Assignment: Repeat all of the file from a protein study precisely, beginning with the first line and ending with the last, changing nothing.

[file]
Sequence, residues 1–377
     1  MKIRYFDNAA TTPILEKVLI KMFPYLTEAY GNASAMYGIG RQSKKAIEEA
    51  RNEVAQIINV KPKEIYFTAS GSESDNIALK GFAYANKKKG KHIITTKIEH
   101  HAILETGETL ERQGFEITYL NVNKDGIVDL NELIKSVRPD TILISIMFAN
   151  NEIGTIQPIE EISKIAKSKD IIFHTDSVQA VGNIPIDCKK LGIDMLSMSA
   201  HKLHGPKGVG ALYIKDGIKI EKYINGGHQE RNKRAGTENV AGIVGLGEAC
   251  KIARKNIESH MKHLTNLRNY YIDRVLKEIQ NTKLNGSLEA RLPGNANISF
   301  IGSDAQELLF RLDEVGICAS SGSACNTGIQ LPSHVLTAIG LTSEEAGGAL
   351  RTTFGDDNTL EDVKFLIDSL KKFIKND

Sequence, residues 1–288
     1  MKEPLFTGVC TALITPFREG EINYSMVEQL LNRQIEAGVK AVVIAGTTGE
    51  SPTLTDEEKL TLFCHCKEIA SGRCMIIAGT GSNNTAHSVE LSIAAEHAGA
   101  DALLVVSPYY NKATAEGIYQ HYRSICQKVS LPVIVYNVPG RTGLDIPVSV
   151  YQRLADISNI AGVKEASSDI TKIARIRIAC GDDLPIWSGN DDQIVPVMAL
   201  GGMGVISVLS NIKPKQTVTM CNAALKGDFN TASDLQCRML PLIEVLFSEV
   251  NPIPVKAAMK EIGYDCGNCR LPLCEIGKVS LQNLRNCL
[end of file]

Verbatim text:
Sequence, residues 1–377
     1  MKIRYFDNAA TTPILEKVLI KMFPYLTEAY GNASAMYGIG RQSKKAIEEA
    51  RNEVAQIINV KPKEIYFTAS GSESDNIALK GFAYANKKKG KHIITTKIEH
   101  HAILETGETL ERQGFEITYL NVNKDGIVDL NELIKSVRPD TILISIMFAN
   151  NEIGTIQPIE EISKIAKSKD IIFHTDSVQA VGNIPIDCKK LGIDMLSMSA
   201  HKLHGPKGVG ALYIKDGIKI EKYINGGHQE RNKRAGTENV AGIVGLGEAC
   251  KIARKNIESH MKHLTNLRNY YIDRVLKEIQ NTKLNGSLEA RLPGNANISF
   301  IGSDAQELLF RLDEVGICAS SGSACNTGIQ LPSHVLTAIG LTSEEAGGAL
   351  RTTFGDDNTL EDVKFLIDSL KKFIKND

Sequence, residues 1–288
     1  MKEPLFTGVC TALITPFREG EINYSMVEQL LNRQIEAGVK AVVIAGTTGE
    51  SPTLTDEEKL TLFCHCKEIA SGRCMIIAGT GSNNTAHSVE LSIAAEHAGA
   101  DALLVVSPYY NKATAEGIYQ HYRSICQKVS LPVIVYNVPG RTGLDIPVSV
   151  YQRLADISNI AGVKEASSDI TKIARIRIAC GDDLPIWSGN DDQIVPVMAL
   201  GGMGVISVLS NIKPKQTVTM CNAALKGDFN TASDLQCRML PLIEVLFSEV
   251  NPIPVKAAMK EIGYDCGNCR LPLCEIGKVS LQNLRNCL